Operational excellence is not a goal to be accomplished but rather something in which you should continually strive. Industry and technology practices will continue to evolve.  Keeping abreast of trends will enable you to better adapt to dynamic factors outside and within your business.  

Food for Thought

Here are a few questions to get you thinking about how to handle things in your current environment or how you can set things up in a desirable way from the start (if you are considering the move):

  1. Are availability targets (such as SLAs) or recovery targets (such as RTO/RPO), defined for the application and key scenarios? To assess overall operational effectiveness and application utilization, it is critical to understand system flow. Implementing a health model for the application enables proper adjustment of utilization and improves your ability to meet business needs and cost goals.  
  2. How are you monitoring your resources? It's not enough to console.log or _logger.LogError in seemingly random areas of your applications. A well-thought-out logging framework should be implemented with the appropriate structured format and severity levels to prevent turning app logs into white noise. And logging should not begin and end with the core application; you should be collecting and correlating logs from the various environments and dependencies.
  3. How do you surface workload data and respond to issues when they occur? Dashboarding tools should be used to visualize metrics and events collected at the application and resource levels to illustrate the health model and the current operational state of the workload. Understanding what makes the state of a system healthy versus unhealthy is paramount in determining how to respond to them when that state changes.

These three things are far from exhaustive, but the hope is that they inspire you to approach your cloud operations a lot more thoroughly and with more confidence.

Quick Wins

Interested in looking like a hero? Here are a few areas you can explore to increase the visibility of your systems properly leverage automation:

Configure resource-level monitoring. Nothing in the world of technology is infallible, and the Azure cloud is no exception. Making sure that Service Health and Activity logging are properly configured on essential resources will allow for an appropriate response to things like service outages that might affect your workloads.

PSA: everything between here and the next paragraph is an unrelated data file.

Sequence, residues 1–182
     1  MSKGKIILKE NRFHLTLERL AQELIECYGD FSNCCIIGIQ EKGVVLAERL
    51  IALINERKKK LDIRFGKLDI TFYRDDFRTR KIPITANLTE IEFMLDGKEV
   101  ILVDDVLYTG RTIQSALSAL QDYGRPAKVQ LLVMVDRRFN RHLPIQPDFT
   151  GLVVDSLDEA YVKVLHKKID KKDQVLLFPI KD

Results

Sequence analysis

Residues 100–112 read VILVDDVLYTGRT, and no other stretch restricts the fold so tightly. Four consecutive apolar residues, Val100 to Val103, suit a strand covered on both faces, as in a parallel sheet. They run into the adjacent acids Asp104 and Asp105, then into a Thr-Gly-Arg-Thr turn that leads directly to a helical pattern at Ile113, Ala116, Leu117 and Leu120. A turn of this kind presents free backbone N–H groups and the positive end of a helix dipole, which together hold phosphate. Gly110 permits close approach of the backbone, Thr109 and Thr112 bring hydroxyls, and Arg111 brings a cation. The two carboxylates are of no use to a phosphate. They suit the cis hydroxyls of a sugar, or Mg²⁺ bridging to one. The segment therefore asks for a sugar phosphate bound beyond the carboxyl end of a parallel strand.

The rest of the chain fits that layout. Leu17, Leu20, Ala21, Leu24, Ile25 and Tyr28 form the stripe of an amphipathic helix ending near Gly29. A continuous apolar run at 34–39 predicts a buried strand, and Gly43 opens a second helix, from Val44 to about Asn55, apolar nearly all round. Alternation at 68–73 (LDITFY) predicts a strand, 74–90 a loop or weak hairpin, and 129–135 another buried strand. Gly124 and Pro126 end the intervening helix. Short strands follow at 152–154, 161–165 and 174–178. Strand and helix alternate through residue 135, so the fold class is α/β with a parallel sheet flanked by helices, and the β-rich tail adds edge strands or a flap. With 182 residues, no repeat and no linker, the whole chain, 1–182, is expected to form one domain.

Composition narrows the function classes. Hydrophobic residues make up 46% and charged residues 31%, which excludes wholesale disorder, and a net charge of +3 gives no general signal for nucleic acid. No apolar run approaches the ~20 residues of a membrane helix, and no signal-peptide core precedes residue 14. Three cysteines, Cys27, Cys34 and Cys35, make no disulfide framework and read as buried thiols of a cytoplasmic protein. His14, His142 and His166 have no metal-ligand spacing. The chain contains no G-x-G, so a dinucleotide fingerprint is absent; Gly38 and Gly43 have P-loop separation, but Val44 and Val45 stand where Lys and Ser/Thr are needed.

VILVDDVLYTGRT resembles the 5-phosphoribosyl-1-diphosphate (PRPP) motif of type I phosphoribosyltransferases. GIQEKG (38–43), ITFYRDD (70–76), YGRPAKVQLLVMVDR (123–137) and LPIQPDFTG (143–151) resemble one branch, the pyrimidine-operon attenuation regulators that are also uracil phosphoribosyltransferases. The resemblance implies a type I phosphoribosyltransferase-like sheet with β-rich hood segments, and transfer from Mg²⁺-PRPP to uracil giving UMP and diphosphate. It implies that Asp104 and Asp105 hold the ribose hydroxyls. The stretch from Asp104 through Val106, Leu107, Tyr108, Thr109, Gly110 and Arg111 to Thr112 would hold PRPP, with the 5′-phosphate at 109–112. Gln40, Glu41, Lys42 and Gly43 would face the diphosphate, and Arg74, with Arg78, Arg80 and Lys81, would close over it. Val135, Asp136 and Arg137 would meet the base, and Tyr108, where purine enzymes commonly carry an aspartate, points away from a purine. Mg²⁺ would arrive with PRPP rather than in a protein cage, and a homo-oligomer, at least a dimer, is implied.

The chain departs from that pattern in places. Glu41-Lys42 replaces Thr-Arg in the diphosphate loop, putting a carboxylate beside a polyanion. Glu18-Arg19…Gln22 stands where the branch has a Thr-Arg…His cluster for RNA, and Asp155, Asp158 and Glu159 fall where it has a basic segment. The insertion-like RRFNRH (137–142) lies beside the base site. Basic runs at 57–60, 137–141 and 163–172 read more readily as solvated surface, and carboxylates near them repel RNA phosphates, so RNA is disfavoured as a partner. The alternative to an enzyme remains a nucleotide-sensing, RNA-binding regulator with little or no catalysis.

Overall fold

Create at least one Log Analytics Workspace. Think of this as a centralized repository where all your logging gets stored, irrespective of the source. Any workload or supporting service that generates logging can be piped into a workspace for broader analysis and appropriate alerting.

Configure CI/CD Pipelines for deployments. This will improve consistency in those deployments by removing the potential for human error and reducing the operational overhead involved with manual deployments.

Take a declarative approach to infrastructure management. This can be accomplished through tools such as HashiCorp’s Terraform, Azure’s ARM Templates, or Azure’s Bicep. These tools will significantly reduce operational costs involving provisioning resources and prevent environment drift.

Build suites of automated tests. This should range from unit and integration tests to security tests and performance tests. By removing as much of the human component from testing as possible, the faster and (more importantly) the more consistent it can be done.

Are demands being met efficiently?

Having the right amount of visibility combined with the right amount of automation will put your workloads in an excellent operational place. You’ll be ready to hit your agreed-upon SLAs, RTOs, and RPOs. The visibility and automation will significantly increase confidence in your deployments, leading to more rapid deployments and improved responsiveness to the market. Sounds great, right? Performance Efficiency is where will be taking operations to the next level, ensuring the workload is able to efficiently meet end user’s demands.

Reflecting on the questions posed and quick wins provided in this article, how much of this have you experienced already? If none of this was new to you – congratulations because you are well on your way to operational excellence! However, if any of this was new, I challenge you to revisit your operational approach and start to dig in to increase visibility and offload tasks to automation.

Author Jawann Brady